Honors Program Theses


Open Access Honors Program Thesis

First Advisor

Mohammad Iqbal


Groundwater nitrate contamination has been a persistent concern in the drinking water of Cedar Falls, Iowa. Identifying the source of the relatively high nitrates in Cedar Falls Municipal Well 3 is the primary focus of this investigation. Although none of the municipal wells have exceeded the maximum contaminant level for nitrogen ( 45 ppm N 03), the purpose of this project is to investigate the general drinking water quality in the area. To identify the source of the nitrate contamination, groundwater samples from four municipal wells, surface water samples from three sites on the Cedar River, and soil from twelve sites within one mile radius' of the municipal wells were collected. A total of fifty water samples and sixty soil samples were collected for ten weeks from May until July 2012. Onsite parameters for water samples included dissolved oxygen (DO), pH, total dissolved solids (TDS), conductivity, and temperature. The water samples were tested for E. Coli back at the laboratory. For soils, nitrate was extracted using 2g of soil in 50mL of distilled water that was shaken for four hours. Soil moisture and organic content were analyzed by the method called Loss-on-Ignition (LOI). Major ion chemistry of water was determined by ion chromatography.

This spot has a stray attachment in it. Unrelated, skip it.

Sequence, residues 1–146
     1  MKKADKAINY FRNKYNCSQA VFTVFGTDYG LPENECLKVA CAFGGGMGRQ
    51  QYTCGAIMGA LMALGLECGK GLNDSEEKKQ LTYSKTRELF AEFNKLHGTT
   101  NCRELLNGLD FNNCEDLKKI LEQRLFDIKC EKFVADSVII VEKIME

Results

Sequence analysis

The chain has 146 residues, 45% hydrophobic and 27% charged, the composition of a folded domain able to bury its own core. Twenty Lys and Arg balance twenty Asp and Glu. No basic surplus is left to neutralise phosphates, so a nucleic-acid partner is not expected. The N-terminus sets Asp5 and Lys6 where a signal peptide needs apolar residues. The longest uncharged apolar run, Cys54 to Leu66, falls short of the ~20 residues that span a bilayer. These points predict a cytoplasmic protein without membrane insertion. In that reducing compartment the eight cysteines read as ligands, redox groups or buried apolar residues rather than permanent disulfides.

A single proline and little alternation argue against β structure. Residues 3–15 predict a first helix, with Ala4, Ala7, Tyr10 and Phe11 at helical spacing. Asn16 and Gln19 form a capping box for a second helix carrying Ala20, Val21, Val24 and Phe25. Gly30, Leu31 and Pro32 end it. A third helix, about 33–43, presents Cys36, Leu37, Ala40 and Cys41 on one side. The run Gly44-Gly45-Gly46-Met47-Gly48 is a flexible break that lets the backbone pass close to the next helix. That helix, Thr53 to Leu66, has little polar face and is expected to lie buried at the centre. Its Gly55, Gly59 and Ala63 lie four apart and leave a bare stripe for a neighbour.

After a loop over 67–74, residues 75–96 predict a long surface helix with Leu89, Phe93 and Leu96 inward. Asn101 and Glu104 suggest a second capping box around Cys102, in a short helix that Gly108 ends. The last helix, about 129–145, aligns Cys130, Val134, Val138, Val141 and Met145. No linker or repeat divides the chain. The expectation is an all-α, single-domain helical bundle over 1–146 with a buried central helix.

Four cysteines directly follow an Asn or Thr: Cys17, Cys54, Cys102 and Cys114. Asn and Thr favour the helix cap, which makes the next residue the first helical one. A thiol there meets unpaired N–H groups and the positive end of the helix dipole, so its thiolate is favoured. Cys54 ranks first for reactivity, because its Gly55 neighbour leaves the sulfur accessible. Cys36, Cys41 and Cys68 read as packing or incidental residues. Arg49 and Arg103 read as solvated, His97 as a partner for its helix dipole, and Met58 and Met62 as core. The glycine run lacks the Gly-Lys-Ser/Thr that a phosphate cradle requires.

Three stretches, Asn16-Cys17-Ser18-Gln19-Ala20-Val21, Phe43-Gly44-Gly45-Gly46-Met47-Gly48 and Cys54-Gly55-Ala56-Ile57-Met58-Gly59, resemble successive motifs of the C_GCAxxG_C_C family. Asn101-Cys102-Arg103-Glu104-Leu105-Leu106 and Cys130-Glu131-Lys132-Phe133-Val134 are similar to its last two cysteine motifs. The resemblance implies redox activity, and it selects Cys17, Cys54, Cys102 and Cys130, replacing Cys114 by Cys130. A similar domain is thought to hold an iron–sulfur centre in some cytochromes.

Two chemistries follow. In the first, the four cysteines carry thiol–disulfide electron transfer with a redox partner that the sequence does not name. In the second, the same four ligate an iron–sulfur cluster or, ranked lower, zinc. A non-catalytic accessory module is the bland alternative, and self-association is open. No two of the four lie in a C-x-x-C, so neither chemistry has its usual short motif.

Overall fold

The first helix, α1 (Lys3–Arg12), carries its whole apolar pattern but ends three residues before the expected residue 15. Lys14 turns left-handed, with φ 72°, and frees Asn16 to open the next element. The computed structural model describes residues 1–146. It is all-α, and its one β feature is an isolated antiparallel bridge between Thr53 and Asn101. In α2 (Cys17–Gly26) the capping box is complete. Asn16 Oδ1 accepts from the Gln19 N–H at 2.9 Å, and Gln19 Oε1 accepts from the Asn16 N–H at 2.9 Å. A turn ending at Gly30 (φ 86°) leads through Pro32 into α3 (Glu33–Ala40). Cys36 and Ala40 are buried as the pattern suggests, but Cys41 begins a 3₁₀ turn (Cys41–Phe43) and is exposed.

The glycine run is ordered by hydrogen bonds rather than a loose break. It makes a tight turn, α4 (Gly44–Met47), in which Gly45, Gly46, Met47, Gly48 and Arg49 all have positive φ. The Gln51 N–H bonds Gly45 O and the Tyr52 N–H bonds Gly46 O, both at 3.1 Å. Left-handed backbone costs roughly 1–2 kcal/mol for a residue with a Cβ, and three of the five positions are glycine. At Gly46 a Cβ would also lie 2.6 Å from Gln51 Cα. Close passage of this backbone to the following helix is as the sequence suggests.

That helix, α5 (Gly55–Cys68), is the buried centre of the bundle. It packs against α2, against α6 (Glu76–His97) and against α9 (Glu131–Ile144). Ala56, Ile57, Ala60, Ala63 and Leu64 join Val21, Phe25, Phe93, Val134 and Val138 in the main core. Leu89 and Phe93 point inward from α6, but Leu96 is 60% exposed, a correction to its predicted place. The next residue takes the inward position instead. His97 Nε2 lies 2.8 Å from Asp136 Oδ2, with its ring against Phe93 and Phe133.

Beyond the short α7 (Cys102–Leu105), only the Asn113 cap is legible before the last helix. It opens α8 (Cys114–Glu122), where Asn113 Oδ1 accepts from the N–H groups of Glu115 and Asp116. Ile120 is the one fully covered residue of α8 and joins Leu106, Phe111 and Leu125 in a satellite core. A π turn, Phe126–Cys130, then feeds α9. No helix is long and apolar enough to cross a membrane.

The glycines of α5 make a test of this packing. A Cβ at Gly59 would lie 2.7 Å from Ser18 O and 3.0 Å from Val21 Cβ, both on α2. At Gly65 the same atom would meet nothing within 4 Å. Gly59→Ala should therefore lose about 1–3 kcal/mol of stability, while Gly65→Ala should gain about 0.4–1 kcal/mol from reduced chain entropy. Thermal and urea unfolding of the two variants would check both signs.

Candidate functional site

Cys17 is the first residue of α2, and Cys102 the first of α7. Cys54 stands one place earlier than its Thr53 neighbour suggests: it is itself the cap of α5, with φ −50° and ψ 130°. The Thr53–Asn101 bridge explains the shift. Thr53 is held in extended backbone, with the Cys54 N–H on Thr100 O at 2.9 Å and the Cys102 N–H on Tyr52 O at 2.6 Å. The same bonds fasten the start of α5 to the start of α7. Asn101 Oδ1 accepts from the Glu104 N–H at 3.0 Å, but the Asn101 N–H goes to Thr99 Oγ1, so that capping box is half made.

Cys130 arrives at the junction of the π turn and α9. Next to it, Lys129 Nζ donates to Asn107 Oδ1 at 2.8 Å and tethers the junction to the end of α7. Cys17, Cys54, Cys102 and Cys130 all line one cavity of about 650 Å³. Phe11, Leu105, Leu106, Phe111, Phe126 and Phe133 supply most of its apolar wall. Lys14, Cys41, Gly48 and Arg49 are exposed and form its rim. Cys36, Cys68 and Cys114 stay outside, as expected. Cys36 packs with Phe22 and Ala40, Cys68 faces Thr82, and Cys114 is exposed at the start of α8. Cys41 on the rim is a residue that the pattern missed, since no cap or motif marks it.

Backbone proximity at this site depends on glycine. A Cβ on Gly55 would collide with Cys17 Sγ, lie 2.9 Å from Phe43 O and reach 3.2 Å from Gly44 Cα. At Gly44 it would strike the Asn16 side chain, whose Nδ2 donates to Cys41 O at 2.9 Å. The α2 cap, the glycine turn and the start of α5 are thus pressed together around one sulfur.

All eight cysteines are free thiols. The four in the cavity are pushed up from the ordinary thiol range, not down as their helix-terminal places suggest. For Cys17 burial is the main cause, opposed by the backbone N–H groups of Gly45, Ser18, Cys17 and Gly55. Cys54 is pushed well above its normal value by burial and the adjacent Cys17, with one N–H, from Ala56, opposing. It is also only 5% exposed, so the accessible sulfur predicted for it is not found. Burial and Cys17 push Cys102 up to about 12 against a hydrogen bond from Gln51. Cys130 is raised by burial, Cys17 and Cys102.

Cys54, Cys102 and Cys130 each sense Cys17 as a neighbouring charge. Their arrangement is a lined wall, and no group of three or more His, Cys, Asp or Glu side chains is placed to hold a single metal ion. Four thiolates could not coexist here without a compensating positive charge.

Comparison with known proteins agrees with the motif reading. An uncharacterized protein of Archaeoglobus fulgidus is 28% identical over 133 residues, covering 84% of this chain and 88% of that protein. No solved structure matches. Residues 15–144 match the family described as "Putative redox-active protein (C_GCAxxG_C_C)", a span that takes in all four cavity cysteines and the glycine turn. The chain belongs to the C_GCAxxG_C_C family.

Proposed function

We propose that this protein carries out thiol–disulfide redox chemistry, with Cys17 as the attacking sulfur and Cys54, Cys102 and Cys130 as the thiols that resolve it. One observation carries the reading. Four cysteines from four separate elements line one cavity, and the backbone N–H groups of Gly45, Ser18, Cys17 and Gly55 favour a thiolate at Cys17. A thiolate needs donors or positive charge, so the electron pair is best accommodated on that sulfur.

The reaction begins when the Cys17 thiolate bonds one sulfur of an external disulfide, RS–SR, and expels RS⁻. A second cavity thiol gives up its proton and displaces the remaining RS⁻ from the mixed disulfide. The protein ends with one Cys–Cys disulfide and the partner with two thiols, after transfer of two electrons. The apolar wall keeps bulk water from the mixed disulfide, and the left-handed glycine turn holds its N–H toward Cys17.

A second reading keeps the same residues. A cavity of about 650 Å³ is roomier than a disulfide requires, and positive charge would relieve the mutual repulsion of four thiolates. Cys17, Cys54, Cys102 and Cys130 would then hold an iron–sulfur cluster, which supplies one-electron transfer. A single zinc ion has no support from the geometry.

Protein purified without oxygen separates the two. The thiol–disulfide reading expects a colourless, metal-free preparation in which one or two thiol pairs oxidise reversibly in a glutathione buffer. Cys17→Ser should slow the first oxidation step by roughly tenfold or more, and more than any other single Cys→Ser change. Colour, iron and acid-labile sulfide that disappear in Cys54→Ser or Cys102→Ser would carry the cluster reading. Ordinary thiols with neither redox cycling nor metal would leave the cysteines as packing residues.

The results of this investigation show relatively higher nitrogen content in the soils around Well #3 (average nitrate (as NO3) concentrations of .073 and .127 mg Nitrate/g Soil) and Well #11 (average nitrate (as NO3) concentrations of .063 and .064 mg Nitrate/g Soil) that is derived through vertical infiltration of soil nitrate directly from the field through preferential pathways. The nitrate (as NO3) level tested in Well #3 ranged from 34.4 ppm on 7/18/2012 to 39.5 ppm on 7/5/2012. Although nitrate coming from a far-away source through lateral migration within the aquifer cannot be ruled out at this point, predominant evidences point to local origin of nitrate. It is likely that inorganic nitrogen that accumulated in the soil over many years of fertilization in the past is now being slowly released into the soil through the process of nitrification because the area is now predominantly residential and there is no major source of nitrate in the soil. All other hydrologic parameters in the area are within the expected range of limits.

Year of Submission



Department of Earth and Environmental Sciences

University Honors Designation

A thesis submitted in partial fulfillment of the requirements for the designation University Honors


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Date Original


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